The opinion of the court was delivered by: Michael J. Seng United States Magistrate Judge
ORDER RECOMMENDING PLAINTIFF'S FEDERAL CLAIM BE DISMISSED FOR FAILURE TO STATE A CLAIM AND PLAINTIFF'S CASE BE REMANDED TO STATE COURT
OBJECTIONS DUE JANUARY 31, 2011
Plaintiff Rodney Karl Blackwell ("Plaintiff") is a state prisoner proceeding pro se in this civil rights action pursuant to 42 U.S.C. § 1983. Plaintiff filed the instant action in Fresno County Superior Court on January 4, 2010. ( Pl.'s Compl., ECF No. 1, p. 6.) Defendant Delk was served on March 9, 2010 and removed the action to this Court on April 8, 2010. (Notice of Removal, ECF No. 1, p. 1.) Plaintiff's original Complaint is now before the Court for screening.
The Court is required to screen complaints brought by prisoners seeking relief against a governmental entity or officer or employee of a governmental entity. 28 U.S.C. § 1915A(a). The Court must dismiss a complaint or portion thereof if the prisoner has raised claims that are legally "frivolous or malicious," that fail to state a claim upon which relief may be granted, or that seek monetary relief from a defendant who is immune from such relief. 28 U.S.C. § 1915A(b)(1),(2). "Notwithstanding any filing fee, or any portion thereof, that may have been paid, the court shall dismiss the case at any time if the court determines that . . . the action or appeal . . . fails to state a claim upon which relief may be granted." 28 U.S.C. § 1915(e)(2)(B)(ii).
A complaint must contain "a short and plain statement of the claim showing that the pleader is entitled to relief . . . ." Fed. R. Civ. P. 8(a)(2). Detailed factual allegations are not required, but "[t]hreadbare recitals of the elements of a cause of action, supported by mere conclusory statements, do not suffice." Ashcroft v. Iqbal, 129 S.Ct. 1937, 1949 (2009) (citing Bell Atlantic Corp. v. Twombly, 550 U.S. 544, 555, 127 S.Ct. 1955, 1964-65 (2007)). Plaintiff must set forth "sufficient factual matter, accepted as true, to 'state a claim that is plausible on its face.'" Iqbal, 129 S.Ct. at 1949 (quoting Twombly, 550 U.S. at 555). Facial plausibility demands more than the mere possibility that a defendant committed misconduct and, while factual allegations are accepted as true, legal conclusions are not. Id. at 1949-50.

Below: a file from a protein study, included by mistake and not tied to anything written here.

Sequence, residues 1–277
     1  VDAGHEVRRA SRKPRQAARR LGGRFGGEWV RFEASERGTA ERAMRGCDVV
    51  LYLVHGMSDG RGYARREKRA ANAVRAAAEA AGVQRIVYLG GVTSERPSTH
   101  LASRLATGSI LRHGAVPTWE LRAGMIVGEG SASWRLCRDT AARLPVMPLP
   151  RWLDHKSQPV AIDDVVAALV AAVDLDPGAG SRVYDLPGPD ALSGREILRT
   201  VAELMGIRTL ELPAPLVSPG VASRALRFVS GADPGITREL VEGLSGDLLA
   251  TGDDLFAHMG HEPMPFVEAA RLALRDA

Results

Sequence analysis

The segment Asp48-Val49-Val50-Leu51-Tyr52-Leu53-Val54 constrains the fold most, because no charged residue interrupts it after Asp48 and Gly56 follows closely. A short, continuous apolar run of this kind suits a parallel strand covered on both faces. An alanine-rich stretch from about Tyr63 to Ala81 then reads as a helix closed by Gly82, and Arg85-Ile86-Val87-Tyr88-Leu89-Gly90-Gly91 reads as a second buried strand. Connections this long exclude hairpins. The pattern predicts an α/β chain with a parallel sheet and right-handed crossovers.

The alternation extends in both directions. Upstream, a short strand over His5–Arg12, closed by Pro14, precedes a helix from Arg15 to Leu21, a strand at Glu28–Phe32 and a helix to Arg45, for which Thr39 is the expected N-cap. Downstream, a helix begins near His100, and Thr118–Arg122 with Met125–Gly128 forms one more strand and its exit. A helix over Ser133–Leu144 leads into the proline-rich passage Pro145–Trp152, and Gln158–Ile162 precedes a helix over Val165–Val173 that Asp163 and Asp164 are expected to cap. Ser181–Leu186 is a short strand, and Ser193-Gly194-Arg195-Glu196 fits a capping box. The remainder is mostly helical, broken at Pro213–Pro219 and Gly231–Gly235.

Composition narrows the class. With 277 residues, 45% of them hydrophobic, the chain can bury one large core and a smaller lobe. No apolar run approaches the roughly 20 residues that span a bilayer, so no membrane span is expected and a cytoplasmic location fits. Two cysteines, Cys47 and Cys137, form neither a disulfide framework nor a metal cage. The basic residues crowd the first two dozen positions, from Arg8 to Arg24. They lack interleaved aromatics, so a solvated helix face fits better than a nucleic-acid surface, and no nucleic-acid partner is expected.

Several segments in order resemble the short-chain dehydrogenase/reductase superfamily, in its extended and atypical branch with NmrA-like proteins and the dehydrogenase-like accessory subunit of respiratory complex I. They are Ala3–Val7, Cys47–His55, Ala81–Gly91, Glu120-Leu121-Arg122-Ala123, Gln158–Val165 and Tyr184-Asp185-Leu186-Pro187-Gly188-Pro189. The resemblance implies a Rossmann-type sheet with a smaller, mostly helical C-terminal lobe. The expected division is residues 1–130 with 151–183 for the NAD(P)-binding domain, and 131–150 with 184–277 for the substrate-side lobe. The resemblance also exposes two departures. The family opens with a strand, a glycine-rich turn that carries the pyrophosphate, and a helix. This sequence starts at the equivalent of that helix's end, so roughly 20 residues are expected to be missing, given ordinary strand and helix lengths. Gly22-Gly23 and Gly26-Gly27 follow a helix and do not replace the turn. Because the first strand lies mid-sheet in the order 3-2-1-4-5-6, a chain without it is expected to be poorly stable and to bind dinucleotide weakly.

Plaintiff's claims can be summarized essentially as follows: On January 20, 2006, Plaintiff had his personal items searched and packed for transfer to Delano State Prison. Correctional Officer A. Delk, the only named Defendant in this case, conducted the search. Delk informed Plaintiff that a number of his personal items, including a hat, tennis shoes, and a t-shirt, were no longer allowed and he confiscated those items. All of the confiscated items were sold through the prison canteen or via special purchase. There is a record of the items on the prison's property card. Plaintiff asked for a receipt so that he could seek a refund for the confiscated property.
Plaintiff alleges that by these acts Defendant violated Plaintiff's
Equal Protection and Due Process rights under the California
Constitution as well as his Equal Protection rights under the
Fourteenth Amendment to the United States Constitution.*fn1
monetary damages in the amount of $25,000 for these
Section 1983 "provides a cause of action for the 'deprivation of any rights, privileges, or immunities secured by the Constitution and laws' of the United States." Wilder v. Virginia Hosp. Ass'n, 496 U.S. 498, 508 (1990) (quoting 42 U.S.C. § 1983). Section 1983 is not itself a source of substantive rights, but merely provides a method for vindicating federal rights conferred elsewhere. Graham v. Connor, 490 U.S. 386, 393-94 (1989).
To state a claim under § 1983, a plaintiff must allege two essential elements: (1) that a right secured by the Constitution or laws of the United States was violated, and (2) that the alleged violation was committed by a person acting under the color of state law. See West v. Atkins, 487 U.S. 42, 48 (1988); Ketchum v. Alameda Cnty., 811 F.2d 1243, 1245 (9th Cir.1987).
Although Plaintiff's Complaint mentions the Equal Protection Clause of the Fourteenth Amendment, the allegations contained therein implicate the Fourteenth Amendment's Due Process Clause. Prisoners have a protected interest in their personal property, Hansen v. May, 502 F.2d 728, 730 (9th Cir. 1974). The Due Process Clause protects prisoners from being deprived of property without due process of law, Wolff v. McDonnell, 418 U.S. 539, 556 (1974). However, whether intentional or negligent, "[a]n unauthorized . . . deprivation of property by a state employee does not constitute a violation of the procedural requirements of ...